Network Admin Sites

Previously on the CogitActive Saga:
Moving down the navigation menu (on the left side of the Network Admin), the other menus are Sites, Users, Themes, Plugins and Settings.

WordPress Multisite

In keeping with my tour of the Network Admin (see Network Settings), there is a better place than Right Now – the dashboard widget – to review your sites.

You have 2 sites and 1 user.

Indeed, there is a dedicated screen where you can review and manage the various sites that are part of your network. Clicking the Sites link on the left side of the Network Admin takes you to the Network Admin Sites screen (Sites > All Sites). Surprisingly, the WordPress codex1 does not provide much explanation on this screen despite its manifest importance.

The Network Admin Sites Screen allows you to add a new site and control existing sites on your network.The WordPress codex

All Sites

The so-called Table of Sites lists all sites on the network and displays the following information about each site:

URL: the fully qualified domain name (FQDN) or the path of the sites for domain-based or path-based networks, respectively.

Last Updated: the date when the site was last updated or published to.

Registered: the date when the site was registered in your network.

Users: the number of users associated with that site.

You can also customize this table via the Screen Option button by defining which information to display and the number of items per page. Likewise, you can switch from “list” to “excerpt” mode via the two icons on the top right of the table – the latter bringing few extra info.

If you hover your pointer over the FQDN of a site, you will see a list of links2:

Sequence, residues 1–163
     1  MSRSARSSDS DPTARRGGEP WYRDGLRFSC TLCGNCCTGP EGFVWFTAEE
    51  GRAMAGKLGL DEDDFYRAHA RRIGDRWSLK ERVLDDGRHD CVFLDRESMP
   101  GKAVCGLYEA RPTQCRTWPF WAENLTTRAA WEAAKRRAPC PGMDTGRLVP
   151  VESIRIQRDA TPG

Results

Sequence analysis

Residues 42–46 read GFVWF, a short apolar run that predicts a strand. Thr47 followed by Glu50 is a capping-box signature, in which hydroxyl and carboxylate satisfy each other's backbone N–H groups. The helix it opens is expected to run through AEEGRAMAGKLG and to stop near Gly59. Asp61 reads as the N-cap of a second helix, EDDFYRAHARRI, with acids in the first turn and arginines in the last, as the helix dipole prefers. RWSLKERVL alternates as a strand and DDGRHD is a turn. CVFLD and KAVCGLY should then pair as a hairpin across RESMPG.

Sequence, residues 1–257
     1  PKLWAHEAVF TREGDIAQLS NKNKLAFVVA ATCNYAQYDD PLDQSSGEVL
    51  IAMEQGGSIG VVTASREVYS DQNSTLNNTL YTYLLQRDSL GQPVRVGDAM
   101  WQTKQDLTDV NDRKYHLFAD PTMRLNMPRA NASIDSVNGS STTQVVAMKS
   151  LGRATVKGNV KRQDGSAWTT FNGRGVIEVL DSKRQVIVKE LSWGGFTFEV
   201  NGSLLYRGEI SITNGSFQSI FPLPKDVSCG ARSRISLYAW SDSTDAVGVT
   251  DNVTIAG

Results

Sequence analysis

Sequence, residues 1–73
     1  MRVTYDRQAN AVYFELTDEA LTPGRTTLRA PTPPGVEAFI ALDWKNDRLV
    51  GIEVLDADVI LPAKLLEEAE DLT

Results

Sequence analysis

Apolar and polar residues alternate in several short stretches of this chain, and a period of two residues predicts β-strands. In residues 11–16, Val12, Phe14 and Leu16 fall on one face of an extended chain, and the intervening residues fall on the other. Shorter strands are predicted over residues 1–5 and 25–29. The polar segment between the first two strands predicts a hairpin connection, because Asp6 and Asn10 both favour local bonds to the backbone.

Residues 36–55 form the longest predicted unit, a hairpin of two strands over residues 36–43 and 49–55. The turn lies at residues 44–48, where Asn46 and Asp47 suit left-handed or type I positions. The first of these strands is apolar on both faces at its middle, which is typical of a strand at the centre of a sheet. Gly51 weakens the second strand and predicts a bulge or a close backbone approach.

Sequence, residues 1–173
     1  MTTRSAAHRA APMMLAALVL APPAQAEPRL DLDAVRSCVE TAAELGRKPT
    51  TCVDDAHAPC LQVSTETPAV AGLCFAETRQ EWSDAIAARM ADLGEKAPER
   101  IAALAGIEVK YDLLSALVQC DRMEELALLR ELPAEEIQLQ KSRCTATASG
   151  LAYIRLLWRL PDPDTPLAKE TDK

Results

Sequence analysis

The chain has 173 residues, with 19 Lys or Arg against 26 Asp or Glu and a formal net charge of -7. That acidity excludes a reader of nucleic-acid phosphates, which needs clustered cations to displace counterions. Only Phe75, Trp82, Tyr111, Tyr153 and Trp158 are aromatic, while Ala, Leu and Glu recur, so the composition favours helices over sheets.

• Edit
  • Dashboard
  • Deactivate
  • Archive
  • Spam
  • Delete
  • Visit

Each item might be self-explanatory; still, I would have appreciated more explanation from the codex. In particular the distinction between Deactivate and Archive requires more clarification than just stating that Archive is the same as Deactivate, effectively1. There is actually a ticket on that matter. Granted, both remove the site from public view. However, when you archive a site, it remains accessible to the Super Admin – not the case when you deactivate it, apparently. In addition, you can reactivate (via an Activate link) a site that was previously deactivated. However, the codex does not mention an Unarchive link3.

Now, the Edit link deserves particular attention as it opens the Site Options4 or the Edit Sites screen that was briefly mentioned at the end of the previous post.

It’s home to many customizations that you can make quickly and easily all from a single page.Jenni McKinnon

Edit Sites

From this screen, you can access four tabs – Info, Users, Themes, and Settings – and can configure many aspects of each site in your Network. However, it is better – as in safer – to use this screen only when the settings are unavailable on the Dashboard of that particular site3.

Be cautious, if you do make any changes, whatever you enter gets re-written in your files and database4. Yes, you read it right; you can make significant changes to your site easily – without editing your files and database on the server. Now, with great power comes…

It is strongly suggested you not edit these fields unless you’re sure you know what you’re doing.The WordPress codex


The Info tab is the first screen displayed with basic site information:

  • Site Address (URL)
  • Registered
  • Last Updated
  • Attributes

Importantly, the Site Address (URL) field is grayed out for the main site. Although this field can be modified for sub-sites, it is better not to do so because there are other instances of your site’s URL in the database that would not be changed accordingly.